3. Calogero Carletto & Jennica Larrison & Çaglar Özden, 2014. "Informing migration policies: a data primer," Chapters,in: International Handbook on Migration and Economic Development, chapter 2, pages 9-41 Edward Elgar Publishing.
    4. Ren Mu & Alan Brauw, 2015. "Migration and young child nutrition: evidence from rural China," Journal of Population Economics, Springer;European Society for Population Economics, vol. 28(3), pages 631-657, July.
    5. Mueller, Valerie & Kovarik, Chiara & Sproule, Kathryn & Quisumbing, Agnes R., 2015. "Migration, gender, and farming systems in Asia: Evidence, data, and knowledge gaps:," IFPRI discussion papers 1458, International Food Policy Research Institute (IFPRI).
    6. de Brauw, Alan & Mu, Ren, 2012. "Unattended but not undernourished: young children left behind in rural China:," IFPRI discussion papers 1191, International Food Policy Research Institute (IFPRI).
    7. Davis, Jason & Brazil, Noli, 2016. "Disentangling fathers’ absences from household remittances in international migration: The case of educational attainment in Guatemala," International Journal of Educational Development, Elsevier, vol. 50(C), pages 1-11.
    8. repec:spr:ssefpa:v:9:y:2017:i:4:d:10.1007_s12571-017-0705-z is not listed on IDEAS
    9. Curtis Holder & Gregory Chase, 2012. "The role of remittances and decentralization of forest management in the sustainability of a municipal-communal pine forest in eastern Guatemala," Environment, Development and Sustainability: A Multidisciplinary Approach to the Theory and Practice of Sustainable Development, Springer, vol. 14(1), pages 25-43, February.
    10. Li, Qiang & Liu, Gordon & Zang, Wenbin, 2015. "The health of left-behind children in rural China," China Economic Review, Elsevier, vol. 36(C), pages 367-376.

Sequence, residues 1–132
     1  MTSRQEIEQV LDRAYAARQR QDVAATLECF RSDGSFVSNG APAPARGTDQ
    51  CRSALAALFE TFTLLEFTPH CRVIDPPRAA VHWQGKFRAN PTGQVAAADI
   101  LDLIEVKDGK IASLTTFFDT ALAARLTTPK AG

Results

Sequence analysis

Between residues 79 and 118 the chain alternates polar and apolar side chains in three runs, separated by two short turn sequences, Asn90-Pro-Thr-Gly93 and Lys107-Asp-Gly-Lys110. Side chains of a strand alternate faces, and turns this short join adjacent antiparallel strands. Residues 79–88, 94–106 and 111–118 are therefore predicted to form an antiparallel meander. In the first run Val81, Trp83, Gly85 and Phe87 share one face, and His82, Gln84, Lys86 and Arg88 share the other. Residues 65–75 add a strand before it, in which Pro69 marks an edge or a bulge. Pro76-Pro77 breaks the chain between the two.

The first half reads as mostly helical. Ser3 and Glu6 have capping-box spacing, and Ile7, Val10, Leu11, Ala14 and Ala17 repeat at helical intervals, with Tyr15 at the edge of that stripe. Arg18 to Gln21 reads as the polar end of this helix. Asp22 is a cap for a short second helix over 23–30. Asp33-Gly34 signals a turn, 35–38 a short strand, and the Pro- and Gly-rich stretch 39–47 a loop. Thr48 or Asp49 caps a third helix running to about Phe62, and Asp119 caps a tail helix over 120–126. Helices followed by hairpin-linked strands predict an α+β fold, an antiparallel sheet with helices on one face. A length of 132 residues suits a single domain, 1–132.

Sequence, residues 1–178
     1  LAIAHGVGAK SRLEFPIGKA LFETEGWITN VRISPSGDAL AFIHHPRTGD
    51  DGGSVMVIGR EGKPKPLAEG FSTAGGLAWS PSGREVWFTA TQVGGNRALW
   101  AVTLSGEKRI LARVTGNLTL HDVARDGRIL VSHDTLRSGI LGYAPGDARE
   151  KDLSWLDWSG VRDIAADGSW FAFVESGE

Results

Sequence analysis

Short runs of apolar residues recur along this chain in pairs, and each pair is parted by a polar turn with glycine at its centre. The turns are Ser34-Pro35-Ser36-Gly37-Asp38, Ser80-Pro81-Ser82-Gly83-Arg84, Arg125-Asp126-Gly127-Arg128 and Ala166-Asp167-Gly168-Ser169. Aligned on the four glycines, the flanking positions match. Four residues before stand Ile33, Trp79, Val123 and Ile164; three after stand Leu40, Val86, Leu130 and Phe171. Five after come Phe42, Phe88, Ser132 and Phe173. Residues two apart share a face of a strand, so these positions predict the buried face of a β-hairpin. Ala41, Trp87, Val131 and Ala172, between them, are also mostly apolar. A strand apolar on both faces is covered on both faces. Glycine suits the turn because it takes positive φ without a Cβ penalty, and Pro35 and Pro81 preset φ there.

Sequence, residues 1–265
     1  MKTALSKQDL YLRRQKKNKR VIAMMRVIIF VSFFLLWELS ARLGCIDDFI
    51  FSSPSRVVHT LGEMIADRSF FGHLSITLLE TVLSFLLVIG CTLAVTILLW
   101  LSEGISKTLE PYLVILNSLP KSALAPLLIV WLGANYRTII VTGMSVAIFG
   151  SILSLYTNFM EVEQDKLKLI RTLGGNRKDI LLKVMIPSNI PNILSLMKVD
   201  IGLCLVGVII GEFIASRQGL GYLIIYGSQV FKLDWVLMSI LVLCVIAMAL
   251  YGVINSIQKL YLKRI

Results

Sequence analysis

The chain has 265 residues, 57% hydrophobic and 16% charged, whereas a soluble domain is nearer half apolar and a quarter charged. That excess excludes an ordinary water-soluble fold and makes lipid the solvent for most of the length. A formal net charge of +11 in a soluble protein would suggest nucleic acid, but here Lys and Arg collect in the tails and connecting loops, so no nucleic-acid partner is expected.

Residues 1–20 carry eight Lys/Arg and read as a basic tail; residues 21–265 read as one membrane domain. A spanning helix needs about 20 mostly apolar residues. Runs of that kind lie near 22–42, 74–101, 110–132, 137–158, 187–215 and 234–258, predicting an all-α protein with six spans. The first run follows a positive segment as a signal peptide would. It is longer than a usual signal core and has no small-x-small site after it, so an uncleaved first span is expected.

11. Valerie Mueller & Chiara Kovarik & Kathryn Sproule & Agnes Quisumbing, 2015. "Migration, Gender, and Farming Systems in Asia: Evidence, Data, and Knowledge Gaps," Working Papers id:7478, eSocialSciences.

    Corrections

    All material on this site has been provided by the respective publishers and authors. You can help correct errors and omissions. When requesting a correction, please mention this item's handle: RePEc:eee:jfpoli:v:36:y:2011:i:1:p:16-27. See general information about how to correct material in RePEc.

    For technical questions regarding this item, or to correct its authors, title, abstract, bibliographic or download information, contact: (Dana Niculescu). General contact details of provider: http://www.elsevier.com/locate/foodpol .

    If you have authored this item and are not yet registered with RePEc, we encourage you to do it here. This allows to link your profile to this item. It also allows you to accept potential citations to this item that we are uncertain about.

    If CitEc recognized a reference but did not link an item in RePEc to it, you can help with this form .

    If you know of missing items citing this one, you can help us creating those links by adding the relevant references in the same way as above, for each refering item. If you are a registered author of this item, you may also want to check the "citations" tab in your RePEc Author Service profile, as there may be some citations waiting for confirmation.

    Please note that corrections may take a couple of weeks to filter through the various RePEc services.

    IDEAS is a RePEc service hosted by the Research Division of the Federal Reserve Bank of St. Louis . RePEc uses bibliographic data supplied by the respective publishers.